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The Republicans’ circular firing squad is now assembled. All that’s left is for someone — President Bush, House Minority Leader John Boehner (Ohio) or Senate Minority Leader Mitch McConnell (Ky.) — to yell the appropriate command: “Fire!”
With their House and Senate caucuses deeply divided, Republicans have one week to figure out exactly how they are going to avoid a public relations — and a political — disaster. How can they minimize the damage from the president’s veto of the State Children’s Health Insurance Program bill?
There is no doubt that at some point Republicans are going to need to draw a line in the sand and fight Democrats, and GOP rhetoric about “bigger government” and “government spending” is the way to go. The question is whether SCHIP is the right issue, and this is the right time, to do so.
Many Republicans think it is not.
“It’s just stunning to me,” one veteran Republican strategist told me this week, “that after seven years of Republicans complaining that the president won’t use his veto, [the White House and Republican Congressional leaders] choose their big showdown to be over children’s health care. Good Lord, it probably polls at 80 percent!”
Added the GOP insider: “If we had been talking about cutting spending and waste in government for years, we could oppose SCHIP. But now we are finally going to get religion on spending?”
So what advice would this Republican give his party’s Members of Congress? “If I were in a swing district, I’d vote to override. There’s no way I’d take a bullet on this. But if I were in a good Republican district, I’d vote to sustain the veto.”
Those comments are not atypical of what many Republicans are saying.
One Republican Member of Congress I spoke with was just as explicit. “It’s stupid politics. The leadership is putting pressure on Members [to sustain the veto], promising to rebuild the brand. I don’t know why our guys are following [Bush] into the sea like lemmings.”
While some Republicans are hoping the White House and Congressional Democrats can fashion a face-saving compromise for the Republicans looking for a way out, that seems unlikely. Politically, Democrats have Republicans just where they want them, and the Democrats’ Congressional leaders and party strategists have no incentive — none — for letting the GOP off the hook easily.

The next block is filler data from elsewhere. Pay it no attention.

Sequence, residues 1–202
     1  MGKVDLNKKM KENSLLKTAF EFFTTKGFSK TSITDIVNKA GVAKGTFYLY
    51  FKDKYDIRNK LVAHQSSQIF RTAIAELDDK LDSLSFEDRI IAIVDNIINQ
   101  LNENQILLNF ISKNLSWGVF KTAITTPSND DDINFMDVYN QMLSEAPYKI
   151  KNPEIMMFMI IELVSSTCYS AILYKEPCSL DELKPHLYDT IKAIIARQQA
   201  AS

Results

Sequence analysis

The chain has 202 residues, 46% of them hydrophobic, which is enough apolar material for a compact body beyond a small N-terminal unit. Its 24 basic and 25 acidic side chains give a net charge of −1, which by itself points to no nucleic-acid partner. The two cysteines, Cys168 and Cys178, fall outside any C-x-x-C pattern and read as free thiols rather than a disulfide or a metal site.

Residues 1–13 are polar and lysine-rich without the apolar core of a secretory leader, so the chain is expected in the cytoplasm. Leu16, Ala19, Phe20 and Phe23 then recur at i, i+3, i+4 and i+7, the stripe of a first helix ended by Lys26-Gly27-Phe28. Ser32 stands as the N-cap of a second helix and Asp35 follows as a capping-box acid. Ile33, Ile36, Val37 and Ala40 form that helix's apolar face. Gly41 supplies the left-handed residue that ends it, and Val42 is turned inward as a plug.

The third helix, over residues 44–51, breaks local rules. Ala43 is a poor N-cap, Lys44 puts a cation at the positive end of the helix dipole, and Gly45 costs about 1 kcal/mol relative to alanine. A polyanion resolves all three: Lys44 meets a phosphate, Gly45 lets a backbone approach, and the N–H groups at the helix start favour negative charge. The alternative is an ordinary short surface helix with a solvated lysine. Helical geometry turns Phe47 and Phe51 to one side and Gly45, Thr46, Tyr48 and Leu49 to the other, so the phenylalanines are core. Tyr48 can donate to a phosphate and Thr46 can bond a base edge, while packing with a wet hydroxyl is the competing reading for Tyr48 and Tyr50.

“The Democrats have some Republicans bleeding like stuck pigs,” one House Republican remarked, noting that Democratic attacks certainly are taking their toll on Republican Congressmen who are likely to have tough re-election fights next year.
But isn’t McConnell correct when he asserts that Democrats are using the SCHIP vote to score political points? Of course he’s right. But so what? Each side uses votes for its political purposes.
Republicans ought not delude themselves that the SCHIP bill introduced by McConnell will inoculate them against future Democratic attacks. Since Democrats control the calendar in both chambers, they likely will be able to outmaneuver Republican legislators.
What happens, for example, if Democrats, unable to override a Bush veto, propose extending the current SCHIP until the middle of next year, when they could come back with the exact same bill that Republicans are blocking now? How would Republicans like having this same fight next year, only a few months before the 2008 elections?
If you are looking for evidence of the political potency of this issue, all you need to do is look at the one statewide race now in progress that involves a sitting Republican Member of Congress.
Republican Rep. Bobby Jindal is running for governor in Louisiana, and the vote on SCHIP could take place in the House of Representatives just a couple of days before voters in the Pelican State go to the polls.
The Congressman, who opposed the House SCHIP bill but supported the conference committee compromise, which was much closer to the Senate’s version, has indicated that he is planning to vote to override the president’s veto.
Some grass-roots conservatives are cheering on Republicans to “support the president,” as if SCHIP is somehow a test of GOP loyalty. Yet many of those same conservatives broke with the president on immigration, Medicare Part D and even No Child Left Behind, when they thought that Bush was wrong.
The apparent divisions within Republican ranks make it difficult for party leaders to argue, as they are doing, that they are standing on principle in opposing an expanded children’s health care program. As one Capitol Hill Democrat told me, “You make a principled stand when you are united — not when you are divided.”
Bang! Bang! It’s almost time to count the casualties.
Stuart Rothenberg is editor of the Rothenberg Political Report.